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Last week in Saudi Arabia nearly 200 elementary and middle school students "refused to attend classes after nine students claimed that genies — or jinn, as they are better known in the Arabic world — had made them sick" according to ArabNews.com, which added that "the students had fainted and experienced spasms at the start of the second semester, prompting many parents to believe jinns were present at the school."

Jinn are described in the Koran, the Muslim holy book, as creatures made by Allah of smokeless fire. Belief in jinn is widespread throughout the Arabic and Muslim world. Just as many Christians readily accept the literal reality of angels, many Muslims accept the existence of genies as self-evident. Both religions share the belief that spirits such as demons and jinn can take possession of humans. Jinn are believed, like ghosts, to haunt buildings, homes and other locations.

It will often begin with one or two people exhibiting symptoms and as others in the same location see the behavior they unconsciously begin experiencing the same or similar symptoms. Episodes are most common in closed social units such as schools and factories, and among females — likely because they tend to have stronger social bonds than males. The symptoms are not serious and go away on their own, often within hours or days.

This is not the first time that jinn have been blamed for unexplained fits in Saudi schools. In his book Legends of the Fire Spirits: Jinn and Genies from Arabia to Zanzibar Robert Lebling notes that in 2000:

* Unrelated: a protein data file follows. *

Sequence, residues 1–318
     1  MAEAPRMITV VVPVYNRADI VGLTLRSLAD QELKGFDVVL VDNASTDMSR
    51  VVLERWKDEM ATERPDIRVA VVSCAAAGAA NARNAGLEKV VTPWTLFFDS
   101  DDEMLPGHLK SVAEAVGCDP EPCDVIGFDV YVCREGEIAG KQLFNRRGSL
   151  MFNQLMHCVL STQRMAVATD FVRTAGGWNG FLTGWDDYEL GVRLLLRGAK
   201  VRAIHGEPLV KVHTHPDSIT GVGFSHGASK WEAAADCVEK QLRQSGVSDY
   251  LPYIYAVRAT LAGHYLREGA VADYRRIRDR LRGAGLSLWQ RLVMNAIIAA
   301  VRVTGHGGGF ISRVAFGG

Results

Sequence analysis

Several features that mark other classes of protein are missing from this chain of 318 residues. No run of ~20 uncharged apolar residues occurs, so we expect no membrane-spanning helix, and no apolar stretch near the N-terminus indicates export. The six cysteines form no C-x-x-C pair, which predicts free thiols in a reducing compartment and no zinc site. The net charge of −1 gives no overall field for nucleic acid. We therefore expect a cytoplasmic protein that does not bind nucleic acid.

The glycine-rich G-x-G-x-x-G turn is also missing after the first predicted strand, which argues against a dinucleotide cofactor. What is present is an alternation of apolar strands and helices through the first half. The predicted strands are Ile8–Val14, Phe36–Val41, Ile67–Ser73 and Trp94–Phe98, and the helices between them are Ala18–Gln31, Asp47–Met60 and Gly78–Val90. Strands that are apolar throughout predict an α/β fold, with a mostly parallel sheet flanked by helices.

"Newspapers in Saudi Arabia reported the haunting of the al-Fikriyah Institute of Education, a functioning girls' school in the Red Sea port of Jeddah, in an incident with unusual psycho-social overtones. A number of teachers at the school were reportedly subjected to fits and epileptic-like seizures, supposedly as a result of a (jinn) haunting."
Though many doctors attributed that incident — like the one last week — to mass hysteria, some, including a cleric tasked with investigating the matter, insisted that jinn did in fact inhabit the school and were responsible for the symptoms.

As with many folk beliefs, the reality of jinn is less important than whether people believe in them; if a group of students or teachers believe that jinn can make them faint and there is no other ready explanation, then jinn will be blamed.

Though the school fits were harmless and soon passed, sometimes these beliefs can be dangerous; earlier this month a Moroccan woman who was believed to be possessed by a jinn died during an exorcism. According to a news story:
"To cast out the evil spirit from her body, the Fqih (exorcist) loudly recited incantations and passages from the Koran, the holy book of Islam. With the help of four of his assistants, the Fqih hit her with a stick all over her body in order to 'force the evil spirit' to leave her."
In 2012 a Pakistani man and his family was convicted of killing his young wife during an exorcism who he believed was possessed by a jinn.

Jinn belief is also common among elected officials and rulers. In 2011 associates of Iran's President Mahmoud Ahmadinejad were accused of summoning genies to attack political adversaries supposedly giving one man a heart attack. And according to a news story last month the Turkish presidential palace has been doused with a vinegar water solution to protect it from genies — and, oddly, cyber-attacks.